Spot the divergence in the chart below, which compares the unemployment rate in the Eurozone and in the US.
In July European unemployment rose to 11.3% - a record post-Euro rate, and the highest since 1990 for the constituent countries. While this was in line with estimates, what surprised the market, and has sent the EUR paradoxically higher (paradoxically, because all a continent in stagflation, which Europe by now most certainly is, is to have its currency rise just when it needs to export more goods, in the process entrenching its economic plight even further) is that inflation in August picked up from 2.4% to 2.6%, beating expectations of a 2.5% increase, allowing the European misery index to stand head and shoulders above the rest of the world.
Euro-area unemployment rose to a record and inflation quickened more than economists forecast as rising energy costs threaten to deepen the economic slump.
The jobless rate in the economy of the 17 nations using the euro was 11.3 percent in July, the same as in June after that month’s figure was revised higher, the European Union’s statistics office in Luxembourg said today. That’s the highest since the data series started in 1995. Inflation accelerated to 2.6 percent in August from 2.4 percent in the prior month, an initial estimate showed in a separate report. That’s faster than the 2.5 percent median forecast of 31 economists in a Bloomberg survey.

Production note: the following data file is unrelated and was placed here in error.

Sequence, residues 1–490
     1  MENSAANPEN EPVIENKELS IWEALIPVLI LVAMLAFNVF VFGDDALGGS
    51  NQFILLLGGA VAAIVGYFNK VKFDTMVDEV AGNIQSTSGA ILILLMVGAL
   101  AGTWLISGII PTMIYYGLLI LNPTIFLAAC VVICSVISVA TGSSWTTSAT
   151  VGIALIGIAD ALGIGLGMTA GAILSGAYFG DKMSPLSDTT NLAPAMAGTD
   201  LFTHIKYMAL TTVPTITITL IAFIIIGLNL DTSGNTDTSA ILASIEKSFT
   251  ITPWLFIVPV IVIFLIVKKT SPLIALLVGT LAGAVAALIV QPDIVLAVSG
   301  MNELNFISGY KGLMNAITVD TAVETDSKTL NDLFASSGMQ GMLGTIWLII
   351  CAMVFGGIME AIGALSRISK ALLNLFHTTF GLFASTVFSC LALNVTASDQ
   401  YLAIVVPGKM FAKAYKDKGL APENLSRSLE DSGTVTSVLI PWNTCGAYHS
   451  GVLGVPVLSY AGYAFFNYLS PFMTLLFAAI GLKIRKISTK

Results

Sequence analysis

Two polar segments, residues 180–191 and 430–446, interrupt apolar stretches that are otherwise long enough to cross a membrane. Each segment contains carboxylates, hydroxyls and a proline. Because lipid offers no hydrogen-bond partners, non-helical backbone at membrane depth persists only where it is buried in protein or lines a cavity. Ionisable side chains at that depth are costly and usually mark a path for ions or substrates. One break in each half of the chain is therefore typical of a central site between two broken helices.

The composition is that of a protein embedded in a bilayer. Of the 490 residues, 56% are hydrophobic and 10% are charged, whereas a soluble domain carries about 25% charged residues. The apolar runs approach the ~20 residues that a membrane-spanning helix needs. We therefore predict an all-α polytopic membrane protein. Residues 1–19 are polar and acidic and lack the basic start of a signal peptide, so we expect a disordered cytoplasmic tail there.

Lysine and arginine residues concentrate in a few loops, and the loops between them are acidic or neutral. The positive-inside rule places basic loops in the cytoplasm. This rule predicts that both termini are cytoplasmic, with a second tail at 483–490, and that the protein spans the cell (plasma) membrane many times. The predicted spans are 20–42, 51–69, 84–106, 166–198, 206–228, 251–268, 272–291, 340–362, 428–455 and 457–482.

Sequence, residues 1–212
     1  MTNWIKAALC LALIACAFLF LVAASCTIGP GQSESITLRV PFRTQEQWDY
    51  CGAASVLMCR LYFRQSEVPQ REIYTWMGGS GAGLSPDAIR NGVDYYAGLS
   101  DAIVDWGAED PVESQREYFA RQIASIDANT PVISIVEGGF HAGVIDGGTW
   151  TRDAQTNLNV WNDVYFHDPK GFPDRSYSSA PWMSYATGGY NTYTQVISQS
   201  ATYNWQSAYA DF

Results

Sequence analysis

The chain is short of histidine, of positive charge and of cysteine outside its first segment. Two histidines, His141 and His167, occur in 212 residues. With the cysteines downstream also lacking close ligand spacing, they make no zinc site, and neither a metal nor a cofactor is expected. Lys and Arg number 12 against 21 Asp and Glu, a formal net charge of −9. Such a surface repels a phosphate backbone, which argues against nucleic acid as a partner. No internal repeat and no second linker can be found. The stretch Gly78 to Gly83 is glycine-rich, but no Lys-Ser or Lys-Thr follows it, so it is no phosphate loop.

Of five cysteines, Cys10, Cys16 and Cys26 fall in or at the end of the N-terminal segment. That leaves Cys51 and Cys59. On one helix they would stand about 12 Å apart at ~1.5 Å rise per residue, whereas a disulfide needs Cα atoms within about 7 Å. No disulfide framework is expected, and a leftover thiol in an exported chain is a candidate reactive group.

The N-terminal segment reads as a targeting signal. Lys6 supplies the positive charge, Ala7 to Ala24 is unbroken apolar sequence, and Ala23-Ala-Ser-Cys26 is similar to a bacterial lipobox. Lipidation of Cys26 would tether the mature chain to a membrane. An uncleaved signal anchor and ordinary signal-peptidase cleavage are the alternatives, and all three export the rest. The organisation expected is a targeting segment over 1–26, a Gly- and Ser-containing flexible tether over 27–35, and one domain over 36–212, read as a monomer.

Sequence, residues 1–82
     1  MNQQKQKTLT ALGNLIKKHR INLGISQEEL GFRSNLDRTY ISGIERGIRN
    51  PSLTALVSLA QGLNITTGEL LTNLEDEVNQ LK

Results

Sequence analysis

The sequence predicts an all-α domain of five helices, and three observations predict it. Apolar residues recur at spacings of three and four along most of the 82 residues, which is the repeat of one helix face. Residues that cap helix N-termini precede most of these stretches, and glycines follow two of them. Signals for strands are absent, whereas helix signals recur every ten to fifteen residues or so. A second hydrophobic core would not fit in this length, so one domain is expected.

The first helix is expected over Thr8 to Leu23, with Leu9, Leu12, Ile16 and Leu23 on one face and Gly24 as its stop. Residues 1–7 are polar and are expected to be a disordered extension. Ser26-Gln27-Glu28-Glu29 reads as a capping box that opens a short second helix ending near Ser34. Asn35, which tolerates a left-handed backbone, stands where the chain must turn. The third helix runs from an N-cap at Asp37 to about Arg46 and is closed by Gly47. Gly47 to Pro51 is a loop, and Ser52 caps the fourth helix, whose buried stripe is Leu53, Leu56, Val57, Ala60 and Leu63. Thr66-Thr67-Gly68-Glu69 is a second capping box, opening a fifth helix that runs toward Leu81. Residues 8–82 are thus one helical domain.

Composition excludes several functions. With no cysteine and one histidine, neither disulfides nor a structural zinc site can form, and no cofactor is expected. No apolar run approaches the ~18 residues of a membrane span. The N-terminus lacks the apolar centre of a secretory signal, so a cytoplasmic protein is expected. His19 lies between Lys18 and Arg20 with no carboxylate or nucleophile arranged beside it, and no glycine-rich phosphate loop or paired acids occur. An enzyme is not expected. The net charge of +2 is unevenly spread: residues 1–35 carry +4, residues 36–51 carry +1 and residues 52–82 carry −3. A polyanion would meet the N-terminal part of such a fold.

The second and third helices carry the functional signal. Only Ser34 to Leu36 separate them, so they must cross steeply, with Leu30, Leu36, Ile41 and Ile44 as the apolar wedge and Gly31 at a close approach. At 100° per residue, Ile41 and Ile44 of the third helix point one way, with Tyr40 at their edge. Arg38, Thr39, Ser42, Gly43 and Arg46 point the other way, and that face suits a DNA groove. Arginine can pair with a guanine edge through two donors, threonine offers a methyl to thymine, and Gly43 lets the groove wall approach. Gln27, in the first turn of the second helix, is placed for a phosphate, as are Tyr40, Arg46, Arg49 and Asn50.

A 12.4 percent surge in crude-oil prices over the past two months is leaving consumers and companies with less money to spend just as governments seek ways to contain the debt crisis. European economic confidence dropped more than economists forecast to a three-year low in August and German unemployment increased for a fifth month, adding to signs the euro-area economy continued to shrink in the third quarter.
“The whole euro zone is undergoing negative growth developments,” Don Smith, a London-based economist at ICAP Plc, told Ken Prewitt on Bloomberg Radio yesterday. “The sense is that increasingly the euro-zone crisis is bearing down on countries in northern Europe and Germany in particular and this is really forcing officials’ hands toward coming up with a firm solution.”
And while the economy continues imploding, the ECB, like a true headless chicken, is scrambling to release one after another more and more meaningless rumor, which does nothing to restore credibility to the Goldman-headed money printing institution (which can't even do that without a German green light), and instead of attempting to halt the rise of inflation, or do anything about unemployment which month after month rises ever higher, is instead desperate to continue herding cats, and do everything to delay the inevitable exit of Greece, and soon thereafter many others, from the world's most artificial construct.